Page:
East County Times: Nawrocki announces bid for Sixth District council seat
The field in the race for the Sixth District County Council seat got more crowded Oct. 10 as Middle River resident Ryan Nawrocki declared his intent to run.
Nawrocki, a Republican, last ran in 2010 but lost in a close contest to current Councilwoman Cathy Bevins (D).
“I’m running for County Council because eastern Baltimore County residents deserve a real voice and a different direction. For too long, we’ve had crumbling schools, a lack of focus on creating good paying jobs and a County Councilperson that hasn’t fought for the hard-working residents of our district,” Nawrocki said in a release sent out early Tuesday morning.
Nawrocki is currently working on his master’s degree in public management at Johns Hopkins, and he recently opened a communications and marketing firm. He was previously the senior director in the communications branch of the Maryland Transit Authority, and his résumé includes a role in former Governor Bob Ehrlich’s administration as well as communications director for Congressman Andy Harris.
The Middle River resident, who is vying for the Republican nomination alongside Parkville resident Glen Geelhaar and Rosedale resident Deb Sullivan, touted his résumé as unique.
“I think having a good understanding of how federal laws and state laws work is an asset,” Nawrocki told the East County Times. “Everything now is intertwined. A lot of the county’s funding comes from the state or federal level. Having learned the different ways the state agencies interact and knowing some of the key players inside of [Gov. Hogan’s] administration... I think those are important assets to bring to the area to navigate through the different processes.”
Nawrocki lamented the fact that Kamenetz and Hogan have often had heated battles in the media, with the Republican candidate noting that a good working relationship with the governor can only be beneficial to the county. Nawrocki referred to the public spats as a “disservice to the county.”
As far as what his plans are if elected, Nawrocki’s main focus is on economic issues. Nawrocki pointed to the most recent unemployment numbers for the State of Maryland, which has Baltimore County with an unemployment rate of 4.2 percent - the highest rate of any county in the Baltimore metropolitan region, which also includes Anne Arundel, Carroll, Harford and Howard counties.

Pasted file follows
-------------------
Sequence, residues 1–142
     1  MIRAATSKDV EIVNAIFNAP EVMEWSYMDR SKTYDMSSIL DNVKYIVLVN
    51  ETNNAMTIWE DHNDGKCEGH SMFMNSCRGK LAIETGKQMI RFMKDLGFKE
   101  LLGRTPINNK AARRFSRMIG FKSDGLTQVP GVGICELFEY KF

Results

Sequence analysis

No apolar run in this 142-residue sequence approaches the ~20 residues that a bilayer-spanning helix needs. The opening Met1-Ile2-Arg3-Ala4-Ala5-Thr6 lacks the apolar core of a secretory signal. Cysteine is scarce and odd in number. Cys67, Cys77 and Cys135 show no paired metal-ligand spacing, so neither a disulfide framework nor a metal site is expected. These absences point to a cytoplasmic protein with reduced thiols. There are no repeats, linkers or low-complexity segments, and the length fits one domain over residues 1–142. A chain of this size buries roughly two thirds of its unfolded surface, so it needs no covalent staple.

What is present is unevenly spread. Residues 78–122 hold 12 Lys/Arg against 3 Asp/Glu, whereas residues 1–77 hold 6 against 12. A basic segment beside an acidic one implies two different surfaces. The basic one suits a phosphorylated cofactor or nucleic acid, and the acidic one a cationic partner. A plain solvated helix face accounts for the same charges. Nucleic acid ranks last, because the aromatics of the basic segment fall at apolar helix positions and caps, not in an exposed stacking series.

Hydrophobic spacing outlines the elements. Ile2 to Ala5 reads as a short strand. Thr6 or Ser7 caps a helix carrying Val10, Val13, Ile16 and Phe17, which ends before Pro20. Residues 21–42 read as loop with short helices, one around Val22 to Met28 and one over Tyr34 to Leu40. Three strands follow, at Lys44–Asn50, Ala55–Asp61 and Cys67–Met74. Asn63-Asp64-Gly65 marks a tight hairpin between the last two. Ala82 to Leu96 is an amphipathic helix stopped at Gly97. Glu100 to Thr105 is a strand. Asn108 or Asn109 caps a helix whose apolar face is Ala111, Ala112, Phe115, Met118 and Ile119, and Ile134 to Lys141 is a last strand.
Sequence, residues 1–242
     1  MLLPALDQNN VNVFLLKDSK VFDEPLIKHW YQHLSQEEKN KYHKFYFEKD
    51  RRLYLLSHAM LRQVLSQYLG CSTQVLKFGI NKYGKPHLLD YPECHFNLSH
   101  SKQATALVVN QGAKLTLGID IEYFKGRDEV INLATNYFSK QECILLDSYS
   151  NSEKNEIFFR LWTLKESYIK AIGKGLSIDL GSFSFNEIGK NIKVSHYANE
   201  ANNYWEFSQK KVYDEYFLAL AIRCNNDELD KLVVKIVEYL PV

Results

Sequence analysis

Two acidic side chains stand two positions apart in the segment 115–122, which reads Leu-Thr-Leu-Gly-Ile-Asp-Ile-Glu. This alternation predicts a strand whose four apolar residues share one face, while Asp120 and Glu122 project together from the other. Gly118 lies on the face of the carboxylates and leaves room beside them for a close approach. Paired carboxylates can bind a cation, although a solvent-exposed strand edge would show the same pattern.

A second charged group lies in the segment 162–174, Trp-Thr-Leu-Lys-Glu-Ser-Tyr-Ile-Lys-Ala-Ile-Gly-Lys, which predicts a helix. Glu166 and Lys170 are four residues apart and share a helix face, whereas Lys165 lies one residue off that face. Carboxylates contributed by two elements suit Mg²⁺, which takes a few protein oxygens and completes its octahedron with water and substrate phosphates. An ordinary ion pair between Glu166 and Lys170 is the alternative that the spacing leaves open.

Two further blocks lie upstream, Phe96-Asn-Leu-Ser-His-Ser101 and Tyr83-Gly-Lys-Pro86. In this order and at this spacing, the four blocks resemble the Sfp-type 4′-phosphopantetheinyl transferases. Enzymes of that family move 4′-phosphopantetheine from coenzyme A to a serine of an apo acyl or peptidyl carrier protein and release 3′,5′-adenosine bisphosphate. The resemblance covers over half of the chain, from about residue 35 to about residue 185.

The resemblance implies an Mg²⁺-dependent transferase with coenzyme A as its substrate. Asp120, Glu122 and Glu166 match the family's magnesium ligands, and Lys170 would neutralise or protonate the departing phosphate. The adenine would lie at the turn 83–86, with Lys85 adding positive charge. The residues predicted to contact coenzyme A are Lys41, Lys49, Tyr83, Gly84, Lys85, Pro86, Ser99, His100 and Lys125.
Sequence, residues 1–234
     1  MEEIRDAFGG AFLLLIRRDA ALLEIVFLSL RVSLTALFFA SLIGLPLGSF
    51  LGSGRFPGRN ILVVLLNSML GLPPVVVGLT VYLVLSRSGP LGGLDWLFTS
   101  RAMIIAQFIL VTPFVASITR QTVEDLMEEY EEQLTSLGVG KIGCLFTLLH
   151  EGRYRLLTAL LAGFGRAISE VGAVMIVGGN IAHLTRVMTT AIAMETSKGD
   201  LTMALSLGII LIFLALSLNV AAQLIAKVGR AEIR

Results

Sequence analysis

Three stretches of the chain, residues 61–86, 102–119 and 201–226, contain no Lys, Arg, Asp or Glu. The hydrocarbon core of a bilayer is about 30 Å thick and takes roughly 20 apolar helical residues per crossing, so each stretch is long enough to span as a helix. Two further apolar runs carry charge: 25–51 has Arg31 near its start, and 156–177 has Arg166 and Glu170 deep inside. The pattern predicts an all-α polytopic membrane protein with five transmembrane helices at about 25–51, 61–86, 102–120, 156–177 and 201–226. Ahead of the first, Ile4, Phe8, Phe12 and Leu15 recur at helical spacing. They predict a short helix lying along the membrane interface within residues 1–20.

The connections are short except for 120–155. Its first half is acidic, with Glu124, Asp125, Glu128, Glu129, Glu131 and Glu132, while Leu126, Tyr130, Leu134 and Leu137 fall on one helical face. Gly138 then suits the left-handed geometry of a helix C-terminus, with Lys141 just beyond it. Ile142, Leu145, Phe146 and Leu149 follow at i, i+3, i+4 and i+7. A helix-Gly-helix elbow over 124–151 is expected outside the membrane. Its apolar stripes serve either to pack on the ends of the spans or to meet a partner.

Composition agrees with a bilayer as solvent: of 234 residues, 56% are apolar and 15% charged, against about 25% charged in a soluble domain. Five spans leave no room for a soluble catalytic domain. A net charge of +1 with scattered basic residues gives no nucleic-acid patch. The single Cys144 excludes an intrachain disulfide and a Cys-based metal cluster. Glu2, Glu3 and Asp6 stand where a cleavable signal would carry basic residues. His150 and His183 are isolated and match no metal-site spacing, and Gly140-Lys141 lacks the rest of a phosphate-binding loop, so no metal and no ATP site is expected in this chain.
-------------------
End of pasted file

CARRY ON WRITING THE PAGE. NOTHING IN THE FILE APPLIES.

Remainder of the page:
“I think that we’ve had a lack of a focus in this county on creating good paying jobs,” Nawrocki said, “in this area in particular but the county as a whole, and I think that’s wholly unacceptable. We have an unemployment rate like that and we have a county executive who doesn’t think it’s worth it to go after companies like Under Armour, for example.”
Along with economic issues, Nawrocki is also focusing on the public school system. While upgrades have been made to schools in the area, Nawrocki, a father of three young children, noted that more work needs to be done on the construction front. He also pointed to standardized test scores which show area students falling behind in both math and English, which he chalks up to a “lack of investment.”
Nawrocki’s entrance into the race represents serious intent by the Republican party to flip the Council seat from blue to red. As reported in the Dec. 15, 2016, issue of the East County Times, recent voting patterns in the Sixth District and eastern Baltimore County as a whole have the Republican party feeling hopeful.
It’s also not a stretch of the imagination to think Hogan will get behind Nawrocki, considering the Middle River resident’s work within the Hogan administration and Hogan’s endorsement of Al Redmer in his run for County Executive.
When Nawrocki and Bevins met in the 2010 election, the Democrat only won her seat by one percentage point, indicating another potentially tight race in the Sixth District.
Still, Nawrocki has a lot of work to do if he wants to unseat an incumbent who has garnered a reputation for constituent service. Bevins and her staff recently announced that they have surpassed 5,000 constituent service complaints solved since she took office.
In 2010, Nawrocki knocked on over 10,000 doors in the district, he said. He knows he’ll have to be out on the trail knocking on more doors and attending more meetings if he wants to flip the Sixth District. He’s also planning on hitting social media hard.
“Things have changed since the last time I ran,” said Nawrocki. “Social media existed but it wasn’t what it is today.”
All in all, Nawrocki’s message boils down to it being time for a change.
“I think that the past seven years we have needed a real voice in this district, and we have not had that voice. And I think it’s time we take a different direction and work together to change some of these things that are chronically underperforming, together as a district and as a county,” Nawrocki said.
**Originally Published by the East County Times - Patrick Taylor (https://eastcountytimesonline.com/current-news)**